The drug problem remains a concern with significant, constant battles, according to Timmons. Officers do not yet carry Narcan, a narcotic used to block or reverse the effects of opioid overdoses, but he sees a time when it may become necessary. “I hope it doesn’t come to that, but drug trends come and go and unfortunately it may come this way,” he said.

Facebook has been introduced at the sheriff’s office. “Social media is huge,” said Timmons. “When I took office I got that stated. Everybody is on and it helps keep everyone informed about what is going on,” he said. “Our web page which we’re trying to get going, the SALT meetings, and news media all help us stay connected to the public.”

Difficult Challenges

“If you watch the news, you’ve seen how many officers have been killed. That is huge. Every time you strap on the uniform or the vest you know that something could happen and you might not come home. You don’t accept it, but you just have to be vigilant, be on your toes. And each officer says, ‘I’ve got your six.’ “ he said.

“You have to think long and hard before you commit to this job,” he said. “Don’t get me wrong, it’s a good job, we’ve got good comradely. When something needs to get done, everybody works together to get it done. But there are unfortunate things that happen,” said Timmons. “People are more aware of the challenges law enforcement officers are facing,” he said, adding they get a lot of good support. “People at church or a sporting event, they know who you are. You take off the uniform and you are just like them. They’re there to support us, but the way the world is today, you never know what’s going to happen. We just come to work and try to do our best, and we have each other’s back and the public has our back.”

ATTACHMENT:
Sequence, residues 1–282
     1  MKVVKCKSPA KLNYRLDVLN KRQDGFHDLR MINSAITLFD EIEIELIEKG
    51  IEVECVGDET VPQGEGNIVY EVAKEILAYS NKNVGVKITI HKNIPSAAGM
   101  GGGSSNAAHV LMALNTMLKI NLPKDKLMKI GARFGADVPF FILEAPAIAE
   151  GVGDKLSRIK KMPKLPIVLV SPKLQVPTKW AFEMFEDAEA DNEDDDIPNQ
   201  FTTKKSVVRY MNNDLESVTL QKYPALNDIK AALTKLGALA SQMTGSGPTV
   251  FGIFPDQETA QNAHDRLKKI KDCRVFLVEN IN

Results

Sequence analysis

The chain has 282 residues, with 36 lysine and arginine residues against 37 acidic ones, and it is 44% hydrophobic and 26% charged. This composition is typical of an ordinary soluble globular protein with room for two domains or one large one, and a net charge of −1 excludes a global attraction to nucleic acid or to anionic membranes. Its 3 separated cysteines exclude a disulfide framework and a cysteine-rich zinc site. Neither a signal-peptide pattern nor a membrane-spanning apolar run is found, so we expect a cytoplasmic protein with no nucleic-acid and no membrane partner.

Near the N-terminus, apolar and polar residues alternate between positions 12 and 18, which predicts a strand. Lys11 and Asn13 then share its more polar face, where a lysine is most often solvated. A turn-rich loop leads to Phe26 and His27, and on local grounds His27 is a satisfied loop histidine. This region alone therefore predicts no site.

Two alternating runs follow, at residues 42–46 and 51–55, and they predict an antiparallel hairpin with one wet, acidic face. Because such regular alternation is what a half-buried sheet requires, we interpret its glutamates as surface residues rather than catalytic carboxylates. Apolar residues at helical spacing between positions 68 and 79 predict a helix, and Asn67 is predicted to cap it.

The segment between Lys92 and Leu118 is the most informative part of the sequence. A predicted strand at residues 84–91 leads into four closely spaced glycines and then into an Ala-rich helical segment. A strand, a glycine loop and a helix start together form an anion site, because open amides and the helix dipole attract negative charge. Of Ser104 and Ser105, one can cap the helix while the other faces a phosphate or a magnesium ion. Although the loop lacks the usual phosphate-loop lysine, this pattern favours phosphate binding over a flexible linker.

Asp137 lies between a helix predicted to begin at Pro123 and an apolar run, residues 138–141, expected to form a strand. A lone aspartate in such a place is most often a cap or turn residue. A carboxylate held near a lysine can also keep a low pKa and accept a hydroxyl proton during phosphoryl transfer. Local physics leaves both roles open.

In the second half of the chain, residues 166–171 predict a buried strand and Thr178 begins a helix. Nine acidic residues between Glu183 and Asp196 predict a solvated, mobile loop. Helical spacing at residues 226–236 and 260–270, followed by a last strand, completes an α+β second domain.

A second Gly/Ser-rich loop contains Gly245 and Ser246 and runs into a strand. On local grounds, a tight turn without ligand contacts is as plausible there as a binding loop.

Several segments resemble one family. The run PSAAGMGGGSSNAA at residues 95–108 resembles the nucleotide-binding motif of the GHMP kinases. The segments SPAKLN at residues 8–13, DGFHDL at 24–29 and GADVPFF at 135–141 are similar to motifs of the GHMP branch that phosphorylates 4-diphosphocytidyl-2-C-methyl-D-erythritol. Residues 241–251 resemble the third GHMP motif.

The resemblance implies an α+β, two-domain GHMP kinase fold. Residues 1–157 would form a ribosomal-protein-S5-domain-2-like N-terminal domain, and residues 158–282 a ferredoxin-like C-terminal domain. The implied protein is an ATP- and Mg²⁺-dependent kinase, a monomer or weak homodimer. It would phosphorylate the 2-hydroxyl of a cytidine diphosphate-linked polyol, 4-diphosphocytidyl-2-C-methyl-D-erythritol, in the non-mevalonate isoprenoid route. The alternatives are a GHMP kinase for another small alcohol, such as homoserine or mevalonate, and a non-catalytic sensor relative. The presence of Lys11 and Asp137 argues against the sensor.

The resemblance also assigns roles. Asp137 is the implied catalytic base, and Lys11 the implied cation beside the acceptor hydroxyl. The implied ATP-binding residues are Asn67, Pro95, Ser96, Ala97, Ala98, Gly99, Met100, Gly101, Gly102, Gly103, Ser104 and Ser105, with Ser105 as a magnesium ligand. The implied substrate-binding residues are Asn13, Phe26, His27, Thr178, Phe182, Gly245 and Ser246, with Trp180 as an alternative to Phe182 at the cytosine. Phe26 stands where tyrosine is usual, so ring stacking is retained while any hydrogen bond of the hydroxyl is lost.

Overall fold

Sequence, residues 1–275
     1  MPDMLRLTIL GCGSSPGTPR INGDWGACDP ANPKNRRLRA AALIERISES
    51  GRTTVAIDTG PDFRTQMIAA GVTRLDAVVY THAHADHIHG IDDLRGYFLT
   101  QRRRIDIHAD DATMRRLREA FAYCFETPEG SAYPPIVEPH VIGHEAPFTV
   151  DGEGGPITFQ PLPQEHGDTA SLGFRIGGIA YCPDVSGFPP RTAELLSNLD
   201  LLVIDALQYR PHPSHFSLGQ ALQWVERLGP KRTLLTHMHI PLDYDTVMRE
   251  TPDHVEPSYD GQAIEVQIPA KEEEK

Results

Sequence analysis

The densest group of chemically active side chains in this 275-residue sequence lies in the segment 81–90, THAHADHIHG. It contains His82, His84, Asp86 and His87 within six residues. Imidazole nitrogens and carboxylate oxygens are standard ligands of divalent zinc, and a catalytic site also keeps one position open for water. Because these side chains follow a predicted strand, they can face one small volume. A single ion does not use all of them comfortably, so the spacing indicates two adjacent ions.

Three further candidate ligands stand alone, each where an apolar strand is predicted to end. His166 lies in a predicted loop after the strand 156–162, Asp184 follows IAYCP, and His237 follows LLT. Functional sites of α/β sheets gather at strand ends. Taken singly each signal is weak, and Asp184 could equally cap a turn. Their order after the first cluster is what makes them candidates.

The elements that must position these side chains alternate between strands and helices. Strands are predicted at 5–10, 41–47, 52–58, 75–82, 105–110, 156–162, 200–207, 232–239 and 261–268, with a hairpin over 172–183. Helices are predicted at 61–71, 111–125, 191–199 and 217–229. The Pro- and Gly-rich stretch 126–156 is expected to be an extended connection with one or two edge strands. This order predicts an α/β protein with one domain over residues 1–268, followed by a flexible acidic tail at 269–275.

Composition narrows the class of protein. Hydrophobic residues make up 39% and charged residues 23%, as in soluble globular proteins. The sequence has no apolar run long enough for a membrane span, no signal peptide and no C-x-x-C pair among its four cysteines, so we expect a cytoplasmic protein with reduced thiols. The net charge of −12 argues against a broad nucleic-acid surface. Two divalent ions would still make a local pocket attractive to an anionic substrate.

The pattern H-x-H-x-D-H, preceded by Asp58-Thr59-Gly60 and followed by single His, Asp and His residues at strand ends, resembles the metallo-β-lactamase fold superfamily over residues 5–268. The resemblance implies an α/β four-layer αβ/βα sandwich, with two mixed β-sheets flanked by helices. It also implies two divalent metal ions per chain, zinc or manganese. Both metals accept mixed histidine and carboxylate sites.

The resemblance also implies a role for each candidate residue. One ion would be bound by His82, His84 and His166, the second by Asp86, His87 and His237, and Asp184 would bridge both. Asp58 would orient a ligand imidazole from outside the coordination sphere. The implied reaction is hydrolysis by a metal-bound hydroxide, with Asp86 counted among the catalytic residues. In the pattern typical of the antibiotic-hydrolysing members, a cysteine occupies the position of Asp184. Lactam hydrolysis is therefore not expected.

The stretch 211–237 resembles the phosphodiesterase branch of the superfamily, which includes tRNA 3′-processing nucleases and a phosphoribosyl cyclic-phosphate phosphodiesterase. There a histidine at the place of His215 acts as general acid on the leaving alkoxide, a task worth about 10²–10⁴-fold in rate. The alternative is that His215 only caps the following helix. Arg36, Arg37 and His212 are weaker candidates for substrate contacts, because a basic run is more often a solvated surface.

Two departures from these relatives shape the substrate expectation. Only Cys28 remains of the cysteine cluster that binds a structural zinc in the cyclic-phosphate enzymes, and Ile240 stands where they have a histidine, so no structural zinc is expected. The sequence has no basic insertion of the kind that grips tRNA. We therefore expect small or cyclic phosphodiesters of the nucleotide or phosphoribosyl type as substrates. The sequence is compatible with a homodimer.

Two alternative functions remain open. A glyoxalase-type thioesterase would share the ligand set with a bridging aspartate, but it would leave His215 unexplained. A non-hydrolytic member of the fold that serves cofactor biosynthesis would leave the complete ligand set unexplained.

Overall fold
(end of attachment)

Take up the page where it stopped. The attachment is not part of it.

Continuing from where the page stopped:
New Technology

Agencies work together to find suspects or offenders and use of computers, emails, and other forms of technology are growing every day according to Timmons. “Every car has an in car camera. We also have body cams. We can download information and all of our videos, which not only help us write the reports but help us remember it with the actual footage from the call And to see what you can show if it goes to jury trail and that is very useful,” said Timmons. Old school radios are still used but vehicles now are equipped with computers that allow officers to message back and forth, to know where officers or suspects are at for safety reasons and relay where and when backup is needed. Sensitive information can be relayed more securely by not using a radio or scanner. Running plates, checking on drivers, checking for stolen items, faxing and accessing their in house computer makes it possible to do almost everything from their vehicles. The technology comes at a price, according to Timmons, but, any law enforcement officer or agency can be communicated with during an investigation as long as they have the same program.

Ongoing training

Fully staffed, technology enhanced, Timmons also look towards making improvements in officer training, defensive tactics and firearms and other areas of enforcement. “We have to keep up on so much mandatory training every year. With our busy schedules sometimes that’s hard to do but we have been doing a really good job,” he said. “It’s training that will keep everyone safer.”

The thing Timmons enjoys most about the job is being able to help people. “You can see a difference,” he said. “Like with kids at school, helping them to see we are not the bad guys, don’t be scared of us, when we get home we take the uniform off and we are just average everyday people.” he said. “Helping someone in distress, like when they are facing mental challenges, communicating with the public, helping them, and maybe six months later they come back and thank you for helping them to get their life turned around. It makes you feel good.”

Not every part of the job is exciting or rewarding. There is the danger, but also the sadness, such as when they must deal with traffic fatalities, having to go to a family in the middle of the night and tell them what’s happened to their loved ones. “That’s hard, you don’t forget those,” said Timmons.

His dad retired from the police department in 1999. Knowing his dad is proud of him carries some satisfaction. His dad and mom, Linda, and other family members helped him with his campaign and his parents have always stood by him, he said. “They have been huge,” he added, in their support. “Dad has influenced me to be, who I am today,” said Timmons.

He is not shy about expressing how strong hearted he feels about his position. He loves his job and loves helping people and seeing successful outcomes, “getting things done,” he said.

Every four years, Timmons will come up for re-election. As for how long he hopes to serve as sheriff he said “I look forward to serving Hamilton County until the day I decide to retire, as long as I am willing and able and to letting people know my door is always open.”